Sunday, August 17, 2008

Super-resolution X-ray microscopy

New x-ray microscope

The novel super-resolution X-ray microscopy method visualizes details and line defects in the buried nanostructure.
Unveiling the buried secrets of the nanoworld, A novel super-resolution X-ray microscope developed by a team of researchers from the Paul Scherrer Institut (PSI) and EPFL in Switzerland combines the high penetration power of x-rays with high spatial resolution, making it possible for the first time to shed light on the detailed interior composition of semiconductor devices and cellular structures.

The first super-resolution images from this novel microscope were published online July 18, 2008 in the journal Science.

"Researchers have been working on such super-resolution microscopy concepts for electrons and x-rays for many years," says EPFL Professor and team leader Franz Pfeiffer.
"Only the construction of a dedicated multi-million Swiss-franc instrument at PSI's Swiss Light Source allowed us to achieve the stability that is necessary to implement our novel method in practice."

The new instrument uses a Megapixel Pilatus detector (whose big brother will be detecting collisions from CERN's Large Hadron Collider), which has excited the synchrotron community for its ability to count millions of single x-ray photons over a large area. This key feature makes it possible to record detailed diffraction patterns while the sample is raster-scanned through the focal spot of the beam. In contrast, conventional x-ray (or electron) scanning microscopes measure only the total transmitted intensity.

These diffraction data are then treated with an algorithm conceived by the Swiss team. "We developed an image reconstruction algorithm that deals with the several tens of thousands of diffraction images and combines them into one super-resolution x-ray micrograph," explains PSI researcher Pierre Thibault, first author on the publication. "In order to achieve images of the highest precision, the algorithm not only reconstructs the sample but also the exact shape of the light probe resulting from the x-ray beam."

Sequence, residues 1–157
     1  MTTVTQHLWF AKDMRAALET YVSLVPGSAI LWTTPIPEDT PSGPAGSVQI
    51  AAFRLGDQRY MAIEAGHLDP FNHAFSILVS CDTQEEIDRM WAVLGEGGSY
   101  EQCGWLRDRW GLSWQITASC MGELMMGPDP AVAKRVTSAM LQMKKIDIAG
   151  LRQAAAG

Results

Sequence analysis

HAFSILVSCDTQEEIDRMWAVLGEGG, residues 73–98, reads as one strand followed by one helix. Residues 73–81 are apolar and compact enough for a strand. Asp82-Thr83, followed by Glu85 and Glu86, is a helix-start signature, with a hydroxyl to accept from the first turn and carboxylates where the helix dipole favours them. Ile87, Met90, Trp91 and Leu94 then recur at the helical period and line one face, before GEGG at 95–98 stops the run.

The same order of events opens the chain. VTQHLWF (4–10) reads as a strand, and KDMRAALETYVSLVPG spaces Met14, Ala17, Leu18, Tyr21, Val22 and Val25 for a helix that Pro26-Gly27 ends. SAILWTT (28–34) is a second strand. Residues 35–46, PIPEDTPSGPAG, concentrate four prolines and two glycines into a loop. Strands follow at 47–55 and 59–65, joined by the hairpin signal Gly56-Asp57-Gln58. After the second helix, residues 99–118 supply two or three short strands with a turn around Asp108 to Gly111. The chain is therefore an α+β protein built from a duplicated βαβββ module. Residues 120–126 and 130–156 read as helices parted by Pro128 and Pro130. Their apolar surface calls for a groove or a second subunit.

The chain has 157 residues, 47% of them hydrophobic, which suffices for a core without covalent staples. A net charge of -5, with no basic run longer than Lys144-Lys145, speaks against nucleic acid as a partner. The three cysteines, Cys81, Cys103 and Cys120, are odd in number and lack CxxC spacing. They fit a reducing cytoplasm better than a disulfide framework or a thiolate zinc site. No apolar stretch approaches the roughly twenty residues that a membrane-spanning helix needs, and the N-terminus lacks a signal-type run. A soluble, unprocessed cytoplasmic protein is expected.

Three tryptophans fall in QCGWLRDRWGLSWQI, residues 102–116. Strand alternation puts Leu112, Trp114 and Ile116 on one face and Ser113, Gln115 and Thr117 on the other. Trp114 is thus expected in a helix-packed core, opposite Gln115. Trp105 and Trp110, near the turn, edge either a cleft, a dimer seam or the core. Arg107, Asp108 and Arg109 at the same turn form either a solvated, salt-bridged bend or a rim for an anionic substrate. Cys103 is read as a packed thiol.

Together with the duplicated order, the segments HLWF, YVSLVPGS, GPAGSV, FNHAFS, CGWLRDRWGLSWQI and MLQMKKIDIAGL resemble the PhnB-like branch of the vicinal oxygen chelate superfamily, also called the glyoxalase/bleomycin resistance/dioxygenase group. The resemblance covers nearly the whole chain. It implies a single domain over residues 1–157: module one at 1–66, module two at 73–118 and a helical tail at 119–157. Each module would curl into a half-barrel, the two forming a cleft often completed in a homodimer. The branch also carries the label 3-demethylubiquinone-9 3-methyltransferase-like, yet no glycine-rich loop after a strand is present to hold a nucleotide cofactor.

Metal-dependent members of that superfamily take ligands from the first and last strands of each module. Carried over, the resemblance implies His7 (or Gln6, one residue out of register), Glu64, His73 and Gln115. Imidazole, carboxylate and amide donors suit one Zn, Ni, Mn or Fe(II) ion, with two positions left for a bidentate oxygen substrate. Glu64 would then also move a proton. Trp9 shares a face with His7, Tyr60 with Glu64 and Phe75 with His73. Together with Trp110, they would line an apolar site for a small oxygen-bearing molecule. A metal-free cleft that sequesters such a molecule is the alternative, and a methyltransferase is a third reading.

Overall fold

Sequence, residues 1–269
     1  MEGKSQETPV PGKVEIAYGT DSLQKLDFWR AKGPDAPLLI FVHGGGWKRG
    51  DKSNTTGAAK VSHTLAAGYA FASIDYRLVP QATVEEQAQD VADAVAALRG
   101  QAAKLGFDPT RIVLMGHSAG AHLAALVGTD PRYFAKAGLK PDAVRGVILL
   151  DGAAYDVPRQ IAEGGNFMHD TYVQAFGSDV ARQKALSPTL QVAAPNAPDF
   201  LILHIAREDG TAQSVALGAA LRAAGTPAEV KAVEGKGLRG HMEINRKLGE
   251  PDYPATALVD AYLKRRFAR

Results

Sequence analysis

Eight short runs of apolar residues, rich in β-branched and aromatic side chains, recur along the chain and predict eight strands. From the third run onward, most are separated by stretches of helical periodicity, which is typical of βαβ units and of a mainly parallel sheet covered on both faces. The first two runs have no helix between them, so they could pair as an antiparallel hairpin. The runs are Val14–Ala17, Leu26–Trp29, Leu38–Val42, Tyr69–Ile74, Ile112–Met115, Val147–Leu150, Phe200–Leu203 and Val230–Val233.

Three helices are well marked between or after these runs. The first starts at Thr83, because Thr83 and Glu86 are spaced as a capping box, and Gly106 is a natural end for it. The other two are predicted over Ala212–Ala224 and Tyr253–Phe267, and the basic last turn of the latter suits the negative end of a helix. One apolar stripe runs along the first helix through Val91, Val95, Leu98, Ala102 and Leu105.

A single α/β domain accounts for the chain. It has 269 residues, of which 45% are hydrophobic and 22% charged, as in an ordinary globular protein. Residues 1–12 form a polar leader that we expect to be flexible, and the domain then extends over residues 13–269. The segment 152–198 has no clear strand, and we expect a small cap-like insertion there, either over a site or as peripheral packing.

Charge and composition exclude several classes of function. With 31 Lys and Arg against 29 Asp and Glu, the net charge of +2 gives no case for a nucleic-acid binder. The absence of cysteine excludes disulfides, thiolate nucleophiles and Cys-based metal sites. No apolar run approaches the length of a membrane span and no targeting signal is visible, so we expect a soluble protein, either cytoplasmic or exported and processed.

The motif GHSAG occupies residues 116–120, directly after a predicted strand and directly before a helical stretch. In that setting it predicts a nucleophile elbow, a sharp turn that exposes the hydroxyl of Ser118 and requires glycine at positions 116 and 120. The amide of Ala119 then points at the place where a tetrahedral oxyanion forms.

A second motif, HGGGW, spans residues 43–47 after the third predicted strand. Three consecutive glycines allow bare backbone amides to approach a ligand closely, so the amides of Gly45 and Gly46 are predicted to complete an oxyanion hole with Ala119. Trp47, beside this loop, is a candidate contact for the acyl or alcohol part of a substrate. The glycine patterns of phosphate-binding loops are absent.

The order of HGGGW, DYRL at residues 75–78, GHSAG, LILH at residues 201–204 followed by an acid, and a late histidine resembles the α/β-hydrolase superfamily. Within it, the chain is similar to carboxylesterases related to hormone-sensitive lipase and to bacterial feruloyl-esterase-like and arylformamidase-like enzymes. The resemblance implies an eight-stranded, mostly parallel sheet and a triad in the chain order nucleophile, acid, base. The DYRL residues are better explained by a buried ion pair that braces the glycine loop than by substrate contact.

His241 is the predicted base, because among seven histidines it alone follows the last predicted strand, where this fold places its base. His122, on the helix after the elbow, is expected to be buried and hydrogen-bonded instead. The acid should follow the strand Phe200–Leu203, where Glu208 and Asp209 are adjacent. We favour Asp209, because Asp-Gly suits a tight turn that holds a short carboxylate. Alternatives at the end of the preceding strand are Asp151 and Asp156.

Conventional electron scanning microscopes can provide high-resolution images, but usually only for the surface of the specimen, and the samples must be kept in vacuum. The Swiss team's new super-resolution microscope bypasses these requirements, meaning that scientists will now be able to look deeply into semiconductors or biological samples without altering them. It can be used to non-destructively characterize nanometer defects in buried semiconductor devices and to help improve the production and performance of future semiconductor devices with sub-hundred-nanometer features. A further very promising application of the technique is in high-resolution life science microscopy, where the penetration power of X-rays can be used to investigate embedded cells or sub-cellular structures. Finally, the approach can also be transferred to electron or visible laser light, and help in the design of new and better light and electron microscopes. ###

IMAGES:RELATED:
  • This release is available in French.
  • This release is available in German.
Contact: Franz Pfeiffer franz.pfeiffer@epfl.ch 41-763-201-045 Ecole Polytechnique Fédérale de Lausanne

Tags: or and

2 comments:

Rosemary said...

Hi there. How have you been? I sure do wish that my science teachers weren't so dogmatic against God when I was in school. I loved science, but I couldn't take the preaching AGAINST my religion. Amazing, eh?

Do you believe that someday we will be able to see an actual atom? That would be fascinating! To see an electon, a neutron, and protons interacting with one another?! That would be some kind of a breakthrough.

Not that this isn't! This is wonderful. I am just more interested in the smallest part of the cell. Even as a child, I always wondered how to break apart an atom...until I learned that's how they makes bombs. Ewhh!

I guess my scientic questions could lead me to places that are better left unknown? Maybe if we could see how atoms interact in cancer cell vs. a normal cell, we could cure cancer. That is what I was more interested. I thought if we could split the atoms, we could cure some diseases. I was certainly wrong there. *sigh*

Have a wonderful day!

sookietex said...

hi Rosemary i've been great, so good to hear from you.

yes it's funny that anyone can imagine or see a conflict between science and religion it seem like one reinforces the other.

you weren't wrong, knowledge is power and the wisdom to use that power for the greater good is the divine.

your short sighted "teachers" and the misguided people who use it for their own purposes are the ones who are wrong.

your friend sookietex

Post a Comment